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Closing In On 'God'? Scientists Point To Possible Signs Of Higgs Boson Particle


A graphic shows a collision at full power in a control room of the Large Hadron Collider (LHC) at the European Organization for Nuclear Research (CERN) in Switzerland. (file photo)
Are we closing in on "God"?

Researchers at the European Organization for Nuclear Research (CERN) have announced that they’ve found "intriguing hints" that the Higgs boson particle -- dubbed the "God particle" for its theorized role as a building block of the universe -- actually exists.

While there is much more atom-smashing to do before the elusive subatomic particle is declared found, physicists say that moment could come as early as next year.

"We still need many more collisions next year in order to get a definite answer on the Shakespeare questions on the Higgs: To be or not to be," said Rolf-Dieter Heuer, CERN’s director-general. "But I think we have made extremely good progress."

That progress has set the scientific community abuzz.

Named after British physicist Peter Higgs, who proposed its existence in 1964, the Higgs boson is thought to be the particle that helps impart mass to all matter in the universe.

It is the mysterious missing link in the so-called Standard Model of physics, which explains how the basic building blocks of all matter fit together.

According to background material written by CERN, without the Higgs boson, “the universe would be a very different ordinary matter as we know it, no chemistry, no biology, and no people.”

Overview of the first elements of the huge magnet of the CMS (Compact Muon Solenoid) experimental site at CERN. (file photo)
Overview of the first elements of the huge magnet of the CMS (Compact Muon Solenoid) experimental site at CERN. (file photo)
After decades of work, researchers have been unable to prove the particle’s existence -- a discovery that would rank among the most significant in the history of physics and answer some of science’s most pressing questions about the creation of the universe.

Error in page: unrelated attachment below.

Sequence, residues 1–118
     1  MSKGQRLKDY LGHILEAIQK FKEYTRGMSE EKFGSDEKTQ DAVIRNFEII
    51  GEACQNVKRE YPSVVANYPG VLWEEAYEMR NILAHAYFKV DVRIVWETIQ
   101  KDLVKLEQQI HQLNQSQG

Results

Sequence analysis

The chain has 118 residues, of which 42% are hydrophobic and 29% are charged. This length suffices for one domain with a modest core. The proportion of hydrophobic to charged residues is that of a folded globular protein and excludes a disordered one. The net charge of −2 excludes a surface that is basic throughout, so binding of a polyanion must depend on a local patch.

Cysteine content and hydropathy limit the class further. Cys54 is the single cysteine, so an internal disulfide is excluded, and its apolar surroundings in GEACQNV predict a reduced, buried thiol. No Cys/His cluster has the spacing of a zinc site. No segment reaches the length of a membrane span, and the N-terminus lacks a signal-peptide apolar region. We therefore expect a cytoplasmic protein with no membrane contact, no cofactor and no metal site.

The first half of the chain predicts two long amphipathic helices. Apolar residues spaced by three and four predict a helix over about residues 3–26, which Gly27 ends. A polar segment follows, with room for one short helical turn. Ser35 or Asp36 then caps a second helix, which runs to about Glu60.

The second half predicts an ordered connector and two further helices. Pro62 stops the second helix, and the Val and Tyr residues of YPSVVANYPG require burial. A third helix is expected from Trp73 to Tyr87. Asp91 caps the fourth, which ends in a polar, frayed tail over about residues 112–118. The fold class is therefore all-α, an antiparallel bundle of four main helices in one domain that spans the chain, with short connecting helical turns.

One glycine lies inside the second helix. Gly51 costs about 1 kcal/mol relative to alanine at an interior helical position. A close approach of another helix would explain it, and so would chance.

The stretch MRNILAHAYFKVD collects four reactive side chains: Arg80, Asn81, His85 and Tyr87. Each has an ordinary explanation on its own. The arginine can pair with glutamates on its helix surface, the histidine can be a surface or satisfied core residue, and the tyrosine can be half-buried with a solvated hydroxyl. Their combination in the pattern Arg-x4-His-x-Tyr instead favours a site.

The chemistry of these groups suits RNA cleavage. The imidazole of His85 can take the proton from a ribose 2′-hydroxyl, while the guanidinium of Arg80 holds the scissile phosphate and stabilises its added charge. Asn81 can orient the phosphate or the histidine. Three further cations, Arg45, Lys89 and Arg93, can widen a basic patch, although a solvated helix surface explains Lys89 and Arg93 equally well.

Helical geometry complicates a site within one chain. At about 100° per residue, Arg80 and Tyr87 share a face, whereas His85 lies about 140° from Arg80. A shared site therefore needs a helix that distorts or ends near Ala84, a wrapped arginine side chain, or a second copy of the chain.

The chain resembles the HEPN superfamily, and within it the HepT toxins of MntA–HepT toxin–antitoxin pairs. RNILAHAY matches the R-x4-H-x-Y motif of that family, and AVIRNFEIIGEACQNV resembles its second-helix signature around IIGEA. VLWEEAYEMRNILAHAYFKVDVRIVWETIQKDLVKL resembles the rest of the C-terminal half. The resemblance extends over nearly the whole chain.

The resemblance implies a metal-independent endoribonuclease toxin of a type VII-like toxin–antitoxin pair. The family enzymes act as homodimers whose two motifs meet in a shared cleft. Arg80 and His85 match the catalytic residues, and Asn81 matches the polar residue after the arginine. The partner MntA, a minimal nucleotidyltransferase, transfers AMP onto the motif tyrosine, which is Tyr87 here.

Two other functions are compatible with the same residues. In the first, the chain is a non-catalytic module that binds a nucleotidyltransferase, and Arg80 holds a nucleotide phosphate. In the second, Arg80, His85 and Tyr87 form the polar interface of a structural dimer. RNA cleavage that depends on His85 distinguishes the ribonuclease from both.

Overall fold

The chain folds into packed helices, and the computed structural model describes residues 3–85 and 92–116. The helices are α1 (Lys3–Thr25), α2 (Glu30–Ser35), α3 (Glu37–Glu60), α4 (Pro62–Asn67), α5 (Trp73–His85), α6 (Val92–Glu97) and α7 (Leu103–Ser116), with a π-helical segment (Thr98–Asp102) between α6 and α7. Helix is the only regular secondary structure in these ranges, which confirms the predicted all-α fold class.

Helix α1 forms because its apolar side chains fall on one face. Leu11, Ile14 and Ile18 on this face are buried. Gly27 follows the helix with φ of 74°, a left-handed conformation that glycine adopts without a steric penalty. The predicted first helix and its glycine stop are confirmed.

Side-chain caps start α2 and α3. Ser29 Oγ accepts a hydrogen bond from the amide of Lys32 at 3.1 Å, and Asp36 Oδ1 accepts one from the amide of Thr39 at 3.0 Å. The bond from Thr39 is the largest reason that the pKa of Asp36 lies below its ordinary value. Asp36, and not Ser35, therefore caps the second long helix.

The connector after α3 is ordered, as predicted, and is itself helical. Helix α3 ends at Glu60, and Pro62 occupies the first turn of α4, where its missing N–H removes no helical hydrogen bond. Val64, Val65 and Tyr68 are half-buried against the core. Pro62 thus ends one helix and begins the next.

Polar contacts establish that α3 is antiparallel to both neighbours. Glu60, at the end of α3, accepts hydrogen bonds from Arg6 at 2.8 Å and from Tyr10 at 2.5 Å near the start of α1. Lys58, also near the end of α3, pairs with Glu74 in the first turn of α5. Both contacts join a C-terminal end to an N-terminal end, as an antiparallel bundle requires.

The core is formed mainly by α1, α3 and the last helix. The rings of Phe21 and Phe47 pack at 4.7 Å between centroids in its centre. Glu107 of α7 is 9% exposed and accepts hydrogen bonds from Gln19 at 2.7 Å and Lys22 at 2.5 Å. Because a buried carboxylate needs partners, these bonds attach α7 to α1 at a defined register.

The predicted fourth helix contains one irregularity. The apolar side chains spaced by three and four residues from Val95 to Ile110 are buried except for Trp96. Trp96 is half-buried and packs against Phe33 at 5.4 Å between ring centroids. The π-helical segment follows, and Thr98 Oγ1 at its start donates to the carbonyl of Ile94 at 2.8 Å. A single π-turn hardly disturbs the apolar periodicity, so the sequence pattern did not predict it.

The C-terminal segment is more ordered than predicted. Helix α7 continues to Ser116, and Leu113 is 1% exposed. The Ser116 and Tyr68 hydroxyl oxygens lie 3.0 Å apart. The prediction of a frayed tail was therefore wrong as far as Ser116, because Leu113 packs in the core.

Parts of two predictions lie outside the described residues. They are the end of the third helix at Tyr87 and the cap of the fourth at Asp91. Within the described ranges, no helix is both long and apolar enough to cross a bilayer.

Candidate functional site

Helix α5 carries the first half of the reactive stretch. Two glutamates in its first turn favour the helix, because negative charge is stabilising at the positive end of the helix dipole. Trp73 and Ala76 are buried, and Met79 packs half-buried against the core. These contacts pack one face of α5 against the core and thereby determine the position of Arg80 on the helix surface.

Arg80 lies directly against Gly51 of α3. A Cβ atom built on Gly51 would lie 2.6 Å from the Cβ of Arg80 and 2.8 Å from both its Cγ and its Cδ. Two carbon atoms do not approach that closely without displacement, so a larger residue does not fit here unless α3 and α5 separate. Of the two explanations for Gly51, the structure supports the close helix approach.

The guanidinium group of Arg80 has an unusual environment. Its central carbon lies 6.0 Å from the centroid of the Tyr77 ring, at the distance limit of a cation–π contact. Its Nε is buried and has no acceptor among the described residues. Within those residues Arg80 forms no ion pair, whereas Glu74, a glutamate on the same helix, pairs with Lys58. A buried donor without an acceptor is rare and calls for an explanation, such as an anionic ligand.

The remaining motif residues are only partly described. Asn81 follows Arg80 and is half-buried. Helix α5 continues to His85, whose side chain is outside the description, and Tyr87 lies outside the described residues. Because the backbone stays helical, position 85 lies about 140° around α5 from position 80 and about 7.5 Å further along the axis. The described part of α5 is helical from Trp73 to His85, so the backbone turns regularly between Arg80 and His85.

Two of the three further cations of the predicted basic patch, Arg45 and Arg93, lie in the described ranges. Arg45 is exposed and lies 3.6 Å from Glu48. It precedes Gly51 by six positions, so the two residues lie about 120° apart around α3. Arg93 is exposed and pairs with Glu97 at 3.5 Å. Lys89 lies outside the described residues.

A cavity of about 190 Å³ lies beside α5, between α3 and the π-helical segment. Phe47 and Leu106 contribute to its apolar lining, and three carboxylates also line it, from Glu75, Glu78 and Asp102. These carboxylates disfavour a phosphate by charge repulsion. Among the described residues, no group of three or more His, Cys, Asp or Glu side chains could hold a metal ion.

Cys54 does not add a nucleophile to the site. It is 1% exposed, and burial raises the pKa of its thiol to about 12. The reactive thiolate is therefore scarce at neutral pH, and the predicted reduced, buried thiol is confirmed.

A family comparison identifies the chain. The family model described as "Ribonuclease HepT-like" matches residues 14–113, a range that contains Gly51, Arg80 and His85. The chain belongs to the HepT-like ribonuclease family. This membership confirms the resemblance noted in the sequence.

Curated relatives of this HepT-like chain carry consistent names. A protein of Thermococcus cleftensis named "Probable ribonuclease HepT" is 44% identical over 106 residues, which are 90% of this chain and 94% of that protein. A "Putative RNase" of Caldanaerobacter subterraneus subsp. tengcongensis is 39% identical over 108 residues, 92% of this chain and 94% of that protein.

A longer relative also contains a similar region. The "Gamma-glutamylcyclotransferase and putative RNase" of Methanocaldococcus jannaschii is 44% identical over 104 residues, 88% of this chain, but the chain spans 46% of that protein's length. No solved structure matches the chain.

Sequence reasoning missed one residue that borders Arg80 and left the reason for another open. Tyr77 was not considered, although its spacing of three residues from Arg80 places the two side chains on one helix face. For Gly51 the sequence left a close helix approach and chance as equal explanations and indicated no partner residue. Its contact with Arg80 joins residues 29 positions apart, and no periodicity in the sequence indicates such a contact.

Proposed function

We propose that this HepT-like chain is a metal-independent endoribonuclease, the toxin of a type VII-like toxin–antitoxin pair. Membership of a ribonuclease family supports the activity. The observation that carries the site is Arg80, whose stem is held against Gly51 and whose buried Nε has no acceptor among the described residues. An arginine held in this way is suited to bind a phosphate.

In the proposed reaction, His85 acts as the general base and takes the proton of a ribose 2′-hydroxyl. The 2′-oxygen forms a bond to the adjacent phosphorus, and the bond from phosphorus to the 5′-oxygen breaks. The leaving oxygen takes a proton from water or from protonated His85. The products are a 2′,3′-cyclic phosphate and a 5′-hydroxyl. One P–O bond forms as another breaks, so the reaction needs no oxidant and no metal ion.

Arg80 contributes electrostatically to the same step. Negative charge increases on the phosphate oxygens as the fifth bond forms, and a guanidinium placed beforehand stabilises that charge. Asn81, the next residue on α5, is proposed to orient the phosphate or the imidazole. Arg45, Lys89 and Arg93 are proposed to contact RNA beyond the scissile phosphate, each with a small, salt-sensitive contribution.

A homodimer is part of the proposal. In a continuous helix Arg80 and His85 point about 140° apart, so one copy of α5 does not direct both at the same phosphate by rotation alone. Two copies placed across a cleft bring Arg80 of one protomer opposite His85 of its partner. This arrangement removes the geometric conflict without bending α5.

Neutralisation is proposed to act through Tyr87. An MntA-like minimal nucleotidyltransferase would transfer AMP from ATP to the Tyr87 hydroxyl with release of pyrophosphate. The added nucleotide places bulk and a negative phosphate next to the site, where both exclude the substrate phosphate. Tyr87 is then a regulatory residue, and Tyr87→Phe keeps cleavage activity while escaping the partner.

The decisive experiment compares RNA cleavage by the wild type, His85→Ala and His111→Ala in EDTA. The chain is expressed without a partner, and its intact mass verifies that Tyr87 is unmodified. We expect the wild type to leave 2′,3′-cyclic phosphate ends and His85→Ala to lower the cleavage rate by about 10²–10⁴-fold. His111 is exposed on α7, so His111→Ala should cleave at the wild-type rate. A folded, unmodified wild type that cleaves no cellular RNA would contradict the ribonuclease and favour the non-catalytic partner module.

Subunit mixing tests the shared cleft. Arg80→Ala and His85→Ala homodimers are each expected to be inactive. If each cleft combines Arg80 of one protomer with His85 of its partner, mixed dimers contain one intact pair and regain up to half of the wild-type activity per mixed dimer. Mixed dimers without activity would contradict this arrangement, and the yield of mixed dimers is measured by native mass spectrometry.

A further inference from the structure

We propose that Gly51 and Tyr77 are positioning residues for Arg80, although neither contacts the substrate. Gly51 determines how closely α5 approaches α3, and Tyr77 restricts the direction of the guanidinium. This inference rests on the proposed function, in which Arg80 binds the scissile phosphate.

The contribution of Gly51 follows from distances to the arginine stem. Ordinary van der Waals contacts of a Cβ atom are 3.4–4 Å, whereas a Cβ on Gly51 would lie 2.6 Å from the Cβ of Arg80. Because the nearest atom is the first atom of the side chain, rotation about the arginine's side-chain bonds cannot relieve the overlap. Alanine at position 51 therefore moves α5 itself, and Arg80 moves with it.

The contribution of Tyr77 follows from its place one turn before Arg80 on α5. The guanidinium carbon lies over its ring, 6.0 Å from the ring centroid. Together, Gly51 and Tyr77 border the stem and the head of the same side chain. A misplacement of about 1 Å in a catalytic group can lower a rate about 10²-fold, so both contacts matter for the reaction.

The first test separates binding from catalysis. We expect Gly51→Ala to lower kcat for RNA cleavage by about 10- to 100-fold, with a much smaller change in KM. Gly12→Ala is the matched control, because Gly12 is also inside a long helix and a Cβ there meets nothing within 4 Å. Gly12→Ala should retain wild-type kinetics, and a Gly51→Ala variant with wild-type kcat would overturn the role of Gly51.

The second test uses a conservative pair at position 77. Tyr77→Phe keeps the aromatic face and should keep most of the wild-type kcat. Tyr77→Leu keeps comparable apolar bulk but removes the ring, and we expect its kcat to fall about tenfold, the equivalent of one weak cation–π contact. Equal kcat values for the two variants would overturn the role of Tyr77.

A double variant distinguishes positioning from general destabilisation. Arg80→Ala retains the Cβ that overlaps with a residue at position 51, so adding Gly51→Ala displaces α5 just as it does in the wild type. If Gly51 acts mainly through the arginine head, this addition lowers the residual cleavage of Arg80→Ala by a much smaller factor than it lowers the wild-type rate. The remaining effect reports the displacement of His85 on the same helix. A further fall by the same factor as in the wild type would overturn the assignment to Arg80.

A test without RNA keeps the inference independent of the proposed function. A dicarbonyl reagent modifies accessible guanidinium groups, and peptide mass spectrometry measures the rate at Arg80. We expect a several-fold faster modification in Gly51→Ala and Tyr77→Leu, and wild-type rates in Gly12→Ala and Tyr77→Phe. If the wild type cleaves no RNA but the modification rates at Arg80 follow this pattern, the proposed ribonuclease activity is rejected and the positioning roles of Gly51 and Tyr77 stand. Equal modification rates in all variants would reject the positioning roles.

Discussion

Fnding the "God particle" was announced as a major goal of CERN’s $10 billion Large Hadron Collider (LHC), which since 2008 has sent particle beams smashing together at close to the speed of light in tunnels below the French-Swiss border.

On December 13, scientists said two independent experiments aiming to pinpoint the mass of the particle had registered "spikes" in their data at roughly the same point -- 124 to 126 gigaelectronvolts.

Physicist Fabiola Gianotti, who led one of the experiments, said the data might lead to an imminent discovery.

"It's too early to tell if the success is due to fluctuation of the background or if it is due to something more interesting," she said. "I think that only more studies and more data will allow us to answer that question. But the nice thing is that we know that by the end 2012 -- sooner if we are lucky -- we should be able to say the final word."

She said that such results were not expected to have come so quickly given the staggering complexity of the work.

"These extremely complex detectors are really working very well. And in the past, we were thinking that it will take a long time, much longer to understand them, to calibrate them," she said. "These detectors have hundreds of millions of channels, with many different techniques, some of these technologies completely new. They are big and, at the same time, they are extremely complex and extremely precise.

"We have established a solid foundation for passionately exciting months ahead," she added.

All eyes will be on CERN next year as it continues the hunt for the Higgs boson, but also as it pursues other groundbreaking experiments in particle physics.

French and Italian researchers shocked the scientific community in September when they presented measurements seeming to show subatomic neutrino particles traveling faster than the speed of light -- which, according to the work of Albert Einstein, is impossible.

They will look to confirm those findings as well.

Written by Richard Solash, with agency reports
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